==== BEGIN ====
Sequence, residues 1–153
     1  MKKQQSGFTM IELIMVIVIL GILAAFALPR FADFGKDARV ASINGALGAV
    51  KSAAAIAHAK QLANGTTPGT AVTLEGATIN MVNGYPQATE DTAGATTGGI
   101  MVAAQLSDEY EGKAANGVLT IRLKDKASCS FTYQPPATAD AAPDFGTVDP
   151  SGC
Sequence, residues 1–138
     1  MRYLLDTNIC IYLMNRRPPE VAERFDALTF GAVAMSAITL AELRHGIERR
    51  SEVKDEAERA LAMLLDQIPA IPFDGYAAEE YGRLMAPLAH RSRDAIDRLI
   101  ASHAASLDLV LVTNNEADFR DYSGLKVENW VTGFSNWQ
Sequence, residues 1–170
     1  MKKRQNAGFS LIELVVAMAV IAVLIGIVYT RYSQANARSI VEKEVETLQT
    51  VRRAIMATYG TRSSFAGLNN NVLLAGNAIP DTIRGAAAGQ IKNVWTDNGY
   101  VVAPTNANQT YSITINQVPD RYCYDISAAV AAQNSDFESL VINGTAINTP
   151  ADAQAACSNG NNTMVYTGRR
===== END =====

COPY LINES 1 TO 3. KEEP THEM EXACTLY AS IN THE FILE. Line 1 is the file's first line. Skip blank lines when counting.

Sequence, residues 1–153
     1  MKKQQSGFTM IELIMVIVIL GILAAFALPR FADFGKDARV ASINGALGAV
    51  KSAAAIAHAK QLANGTTPGT AVTLEGATIN MVNGYPQATE DTAGATTGGI